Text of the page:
The opening act is no other than Harrison Storm, a young Australian artist who has been following SYML on tour. Both share similarities: they are around thirty years old, speak English, sing about personal experiences… But that’s about it. As SYML uses many instruments and vocal effects, Harrison Storm has a way more organic approach. It is thus armed with a guitar, his drums being activated through a pedal, that he opens up to us.
His register is very soft. Tracks follow, and although they are accompanied by drums, the public doesn’t feel like dancing, nor clapping in rhythm or anything else. The rounds of applause are indeed long, but no one is shouting, no one is running wild. Thus, it’s with quite some humour that Harrison judges the situation, as he calls the public a very “polite” one, after which slurs start coming though the air, and the atmosphere becomes all of a sudden way more relaxed. As the set continues, the crowd gets denser and it becomes harder and harder to move through the people. Couples are hugging, people are slowly swaying to the romantic notes, and enjoy the show.
A concert between love and dialogue
SYML‘s arrival is long awaited. The queue in front the venue and the public’s excitation as the lights turned off prove it. With only two keyboards, and as many microphones, on stage, it’s in the middle of a cloud of smoke that SYML makes his entrance, debuting his set with a revisited version of his track WDWGILY [Where Did We Go I Love You], all in electro and reverb. Coming afterward is Rising Upside Down, way darker, and hauntingly beautiful.
Following too is Fear Of The Water, one of the artist’s favourite tracks, whose sole first notes put me into a state of trance. Looking around me, I can confirm this impression: in an almost religious silence, fans are contemplating the singer. And love slowly fills the room. As some mumble the lyrics, others are simply letting themselves go through the motion, dancing to the notes, in an ocean of melodies semi-electronic, semi-organic.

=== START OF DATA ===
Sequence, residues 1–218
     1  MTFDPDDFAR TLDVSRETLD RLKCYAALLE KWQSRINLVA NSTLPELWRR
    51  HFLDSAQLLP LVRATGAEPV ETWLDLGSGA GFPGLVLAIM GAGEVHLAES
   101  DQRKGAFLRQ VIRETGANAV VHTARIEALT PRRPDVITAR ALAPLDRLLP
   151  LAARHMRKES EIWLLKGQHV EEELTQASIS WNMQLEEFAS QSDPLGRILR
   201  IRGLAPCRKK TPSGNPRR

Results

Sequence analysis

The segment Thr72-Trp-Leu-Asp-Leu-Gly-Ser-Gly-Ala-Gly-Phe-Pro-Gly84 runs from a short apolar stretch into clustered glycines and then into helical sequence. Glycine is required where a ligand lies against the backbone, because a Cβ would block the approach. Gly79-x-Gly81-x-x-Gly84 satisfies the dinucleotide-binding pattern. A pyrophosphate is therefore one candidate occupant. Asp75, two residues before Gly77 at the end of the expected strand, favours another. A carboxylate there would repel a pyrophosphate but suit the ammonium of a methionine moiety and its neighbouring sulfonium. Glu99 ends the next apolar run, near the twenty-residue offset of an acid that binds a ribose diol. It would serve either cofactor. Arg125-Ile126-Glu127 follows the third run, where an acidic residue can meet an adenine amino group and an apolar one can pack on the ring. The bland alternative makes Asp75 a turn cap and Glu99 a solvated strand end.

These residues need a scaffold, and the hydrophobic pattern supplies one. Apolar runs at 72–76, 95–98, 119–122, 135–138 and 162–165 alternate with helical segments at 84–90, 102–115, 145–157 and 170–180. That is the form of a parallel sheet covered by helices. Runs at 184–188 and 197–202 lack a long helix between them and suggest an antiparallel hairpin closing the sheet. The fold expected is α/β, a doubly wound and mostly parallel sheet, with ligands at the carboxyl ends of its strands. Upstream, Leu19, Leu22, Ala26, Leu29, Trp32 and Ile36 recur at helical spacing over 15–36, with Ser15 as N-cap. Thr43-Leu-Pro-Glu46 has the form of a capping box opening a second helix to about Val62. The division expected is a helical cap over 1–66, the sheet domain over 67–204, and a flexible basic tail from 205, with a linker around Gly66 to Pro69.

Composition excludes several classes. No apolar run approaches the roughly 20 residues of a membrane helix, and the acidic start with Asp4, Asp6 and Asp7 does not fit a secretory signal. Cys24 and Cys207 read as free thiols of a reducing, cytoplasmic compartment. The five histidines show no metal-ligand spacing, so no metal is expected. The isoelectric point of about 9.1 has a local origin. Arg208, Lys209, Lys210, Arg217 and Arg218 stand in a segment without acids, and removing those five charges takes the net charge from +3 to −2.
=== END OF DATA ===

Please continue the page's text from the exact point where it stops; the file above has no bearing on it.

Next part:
Nonetheless, if he opens up so much through his lyrics, it is certainly not at the expense of his on-stage confessions. He is talkative, and this trait truly helped him break the ice with the public. Brian invited us all to ask him all kinds of questions. The first ones are quite unsurprising, almost cheesy. But the public, as much as the singer did, gets more comfortable and starts expressing itself. From wine to cheese, including tours, taste and future, everything gets asked. Even Britney got asked about! (I did it, to be honest). But it’s foremost his honesty and humour who helped us getting in touch with him. He also confessed writing Girl to his daughter, who has been underwent heavy surgery, and whose love and strength inspired him.
A colourful interpretation
Supported by a scenography rich in terms of colours and effects, the message that the singers conveys is as pure as his voice is. He seamlessly alternates between the keyboard, his guitar and microphone. Showcasing a rich and diverse discography, the genres he performs are all tweaked so the tracks can follow one another without any real cut. It truly feels like we’re diving into a sonic bubble where sounds lift us through a trip that lasts a little less than an hour and a half, that reaches its end with the singles Clean Eyes, Ghosts, one of my favourites, Mr. Sandman, a cover of Chordettes, and finally Where’s My Love.
If you still don’t know about his universe, I can only encourage you to listen to his last EP, In My Body, as I consider it to be truly representative of this artist’s craft, exploring genres and effects.